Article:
The Human Nature of Playwriting
Evocative, sage, sophisticated, and personal, Samson Raphaelson’s classic book, culled from his experience in teaching a master class on dramatic writing at the University of Illinois in 1948, is both a discussion on the craft of playwriting and of the nature of creativity. "The Human Nature of Playwriting" is a valuable resource for playwrights, creative writers, scholars, historians, and any rea More
This enhanced edition includes an image gallery and a foreword by Joel Raphaelson.
Let’s say the object of this course is to put every student through an experience which will make him realize what it is like to write creatively—to look at life, at your own lives probably, to see something, to feel, to study that vision and emotion, to find a meaning in the material, a form, to put it down in words, to study it again, re-seek the meaning, revise your approach, write it again and again, until it is crystallized. If you can go through such an experience, my theory is that those who can write will have learned more about writing, and those who cannot write will have caught a glimpse of what is behind a play, a story, a novel—and, incidentally, will have caught a new glimpse of their own lives.
Evocative, sage, sophisticated, and personal, Samson Raphaelson’s classic book, culled from his experience in teaching a master class on dramatic writing at the University of Illinois in 1948, is both a discussion on the craft of playwriting and of the nature of creativity. "The Human Nature of Playwriting" is a valuable resource for playwrights, creative writers, scholars, historians, and any reader interested in studying the creative process.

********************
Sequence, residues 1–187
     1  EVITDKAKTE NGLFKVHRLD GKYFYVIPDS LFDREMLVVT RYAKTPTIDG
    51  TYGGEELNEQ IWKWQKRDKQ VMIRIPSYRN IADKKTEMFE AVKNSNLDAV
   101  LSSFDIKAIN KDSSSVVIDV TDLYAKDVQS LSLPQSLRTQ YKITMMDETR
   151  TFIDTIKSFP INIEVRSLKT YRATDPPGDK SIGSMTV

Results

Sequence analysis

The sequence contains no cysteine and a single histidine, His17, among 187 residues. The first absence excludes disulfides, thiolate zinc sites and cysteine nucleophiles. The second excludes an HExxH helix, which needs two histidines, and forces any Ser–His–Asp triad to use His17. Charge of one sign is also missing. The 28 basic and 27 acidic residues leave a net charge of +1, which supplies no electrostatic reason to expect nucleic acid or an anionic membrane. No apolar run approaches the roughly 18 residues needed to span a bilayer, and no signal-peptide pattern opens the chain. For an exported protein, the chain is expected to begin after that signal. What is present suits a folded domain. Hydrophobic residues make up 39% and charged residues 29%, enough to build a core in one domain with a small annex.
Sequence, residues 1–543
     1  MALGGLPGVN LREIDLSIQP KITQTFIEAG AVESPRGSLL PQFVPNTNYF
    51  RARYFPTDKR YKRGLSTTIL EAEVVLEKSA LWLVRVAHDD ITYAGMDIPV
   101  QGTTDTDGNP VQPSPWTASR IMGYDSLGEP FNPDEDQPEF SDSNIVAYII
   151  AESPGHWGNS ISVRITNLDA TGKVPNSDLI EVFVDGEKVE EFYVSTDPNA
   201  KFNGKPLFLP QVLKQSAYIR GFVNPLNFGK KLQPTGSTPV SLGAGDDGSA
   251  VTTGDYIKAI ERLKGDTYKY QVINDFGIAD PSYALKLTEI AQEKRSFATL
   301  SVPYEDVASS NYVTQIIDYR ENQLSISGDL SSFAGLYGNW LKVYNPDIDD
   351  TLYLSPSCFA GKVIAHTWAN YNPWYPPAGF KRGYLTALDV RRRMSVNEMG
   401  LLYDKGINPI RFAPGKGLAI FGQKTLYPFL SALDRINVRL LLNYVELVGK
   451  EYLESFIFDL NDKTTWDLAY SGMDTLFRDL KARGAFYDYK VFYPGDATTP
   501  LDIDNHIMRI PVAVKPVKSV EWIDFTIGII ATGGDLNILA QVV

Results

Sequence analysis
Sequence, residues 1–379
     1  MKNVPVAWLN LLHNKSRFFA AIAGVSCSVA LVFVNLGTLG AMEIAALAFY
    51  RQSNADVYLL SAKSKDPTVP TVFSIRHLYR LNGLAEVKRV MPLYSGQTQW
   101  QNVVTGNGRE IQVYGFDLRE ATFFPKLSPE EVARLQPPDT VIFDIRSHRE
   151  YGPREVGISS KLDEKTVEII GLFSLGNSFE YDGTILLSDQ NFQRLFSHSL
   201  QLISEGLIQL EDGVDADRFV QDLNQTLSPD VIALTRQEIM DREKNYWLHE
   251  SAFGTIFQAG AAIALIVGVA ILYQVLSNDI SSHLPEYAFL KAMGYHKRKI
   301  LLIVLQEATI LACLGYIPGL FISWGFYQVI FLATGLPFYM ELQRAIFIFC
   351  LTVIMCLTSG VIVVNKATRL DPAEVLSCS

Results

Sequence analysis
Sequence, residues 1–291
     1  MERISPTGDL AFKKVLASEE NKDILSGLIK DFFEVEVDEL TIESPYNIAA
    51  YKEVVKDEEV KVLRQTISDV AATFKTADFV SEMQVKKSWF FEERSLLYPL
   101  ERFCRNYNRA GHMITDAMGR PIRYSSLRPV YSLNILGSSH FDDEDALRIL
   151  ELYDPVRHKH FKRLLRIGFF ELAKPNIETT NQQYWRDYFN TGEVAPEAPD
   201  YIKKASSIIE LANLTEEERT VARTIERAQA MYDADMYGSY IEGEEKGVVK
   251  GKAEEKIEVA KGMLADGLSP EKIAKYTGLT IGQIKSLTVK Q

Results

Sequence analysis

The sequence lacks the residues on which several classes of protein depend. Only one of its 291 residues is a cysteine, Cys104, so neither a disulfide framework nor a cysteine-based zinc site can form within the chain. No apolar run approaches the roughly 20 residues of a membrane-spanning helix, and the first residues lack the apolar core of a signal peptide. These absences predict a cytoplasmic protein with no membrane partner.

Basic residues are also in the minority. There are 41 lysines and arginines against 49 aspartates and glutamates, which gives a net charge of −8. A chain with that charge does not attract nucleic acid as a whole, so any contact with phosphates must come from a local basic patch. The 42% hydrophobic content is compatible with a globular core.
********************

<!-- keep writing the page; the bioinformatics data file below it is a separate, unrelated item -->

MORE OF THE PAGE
I intend to gamble to my dying day on my capacity to provide bread and butter, a roof and an overcoat. That kind of gambling, where you pit yourself against the primary hazards of life, is something I believe in. Not merely for writers, but for everyone. I think security tends to make us timid. You do well at something, you know you can continue doing well at it, and you hesitate about trying anything else. Then you begin to put all your energies into protecting and reinforcing what you have you become conservative and face all the dangers of conservatism in an age when revolutions, seen and unseen, are occurring every day. The result is that you are living in yesterday’s world. This is none too good for a nonwriter; for a writer it’s disastrous. You must always be ready to drop apparently everything that has served you and start all over again, learning anew, trying anew. On the day when you haven’t the heart to do this, you have become old. When you make money and are known as being a competent and well heeled fellow, it’s natural to accept yourself at that value and to be horrified at the thought that you should ever again be broke—that is, that anyone should know of it. Therein lies the danger of being “established.” You become afraid to experiment, not only fearing financial loss but loss of face. I think one of the most poisonous of all fears is the fear of seeming ridiculous. That, too, is a risk every writer should compel himself periodically to take.
About the Author
Samson Raphaelson (1894-1983) was a renowned playwright, short story author, and screenplay writer. His works include the plays "The Jazz Singer", "Accent on Youth", "Skylark", and "Young Love" as well as the screenplays for "Suspicion", "Heaven Can Wait", and "The Shop Around the Corner".
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